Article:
Writing sentences: Key Stage 2 English
At this stage, children should already be using more complex punctuation when writing sentences. As children progress through key stage 2 (KS2) they should be using a wider range of punctuation and appropriate grammar to make sure that writing is clear and easy to understand. Children will also be taught to check their writing for inaccuracies.
Full stops, question marks and exclamation marks
These forms of punctuations should have been introduced when your child was writing sentences and stories in key stage 1 (KS1). By the end of year 3, children should be confident in using a full stop, question mark or exclamation mark to end a sentence. A question mark is used when a question is being asked whilst an exclamation mark is used to indicate surprise, excitement or force.
As your child enters KS2, they will be encouraged to use commas to elongate their sentences. There are various ways that commas can be used.
Children will be taught how a comma can be used to form a list. Each item is followed by a comma except before the final item where you use “and”. For example: Amy bought apples, oranges, pears and bananas.
Your child should also begin to use commas instead of brackets when writing sentences, since this makes work easier to read. Two commas can separate the extra information that is enclosed in a bracket instead. Joshua bought a blue jumper, which is his favourite colour, to wear to his grandmother’s birthday party.
In KS2, your children will be forming more compound sentences. They will be encouraged to use a comma between each clause to make their work easier to read.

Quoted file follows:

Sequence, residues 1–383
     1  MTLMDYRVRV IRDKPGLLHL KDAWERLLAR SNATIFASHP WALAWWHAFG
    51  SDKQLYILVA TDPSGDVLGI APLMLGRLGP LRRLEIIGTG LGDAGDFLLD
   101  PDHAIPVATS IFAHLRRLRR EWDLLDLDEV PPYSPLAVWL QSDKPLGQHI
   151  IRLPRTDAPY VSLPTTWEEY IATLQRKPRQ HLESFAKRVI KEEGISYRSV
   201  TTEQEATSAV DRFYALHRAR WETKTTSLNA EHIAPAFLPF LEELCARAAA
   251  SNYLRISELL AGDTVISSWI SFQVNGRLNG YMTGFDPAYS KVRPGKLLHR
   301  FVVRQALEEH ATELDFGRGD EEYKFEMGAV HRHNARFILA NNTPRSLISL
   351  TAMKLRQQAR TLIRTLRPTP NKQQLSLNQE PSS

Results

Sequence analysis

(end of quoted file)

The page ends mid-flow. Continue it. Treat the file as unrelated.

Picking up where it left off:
Children should also begin writing from different perspectives and writing speech. They will be taught to use inverted commas, or speech marks, when they write this way.
As children progress through KS2, they will be taught to use apostrophes to make their writing easier to read.
Your child will learn to use an apostrophe to show that one thing belongs to another, called possession. Therefore they will be writing sentences such as: “The dog’s bed was very dirty”. The ’s after the word dog shows the reader that the bed belongs to the dog.
Children will also learn how to show omission using an apostrophe. This will allow them to form contractions so that they can write, “couldn’t” rather than could not. The apostrophe shows that the “o” has been left out.
As your child moves into upper KS2 (years 5 and 6) they should be writing sentences that include semi-colons. If your child is aiming for a level 5, they should use semi-colons confidently. Semi colons can be used to link two sentences on the same theme, instead of a comma or full stop. When children are writing long lists, instead of commas, they should begin to use semi-colons.
Writing Sentences: Resources
In order for children to become more confident with the different forms of punctuation to use when writing sentences, they need to practice. There are a variety of online games, workbooks and worksheets that are available to use. Here are some free worksheets, which you can print out and use at home.
Your children might like to use this punctuation guide to help them include different forms of punctuation in their writing.
This worksheet helps children to practice proof reading. The sentences do not have correct punctuation; children have to re-write the sentences with the correct punctuation added.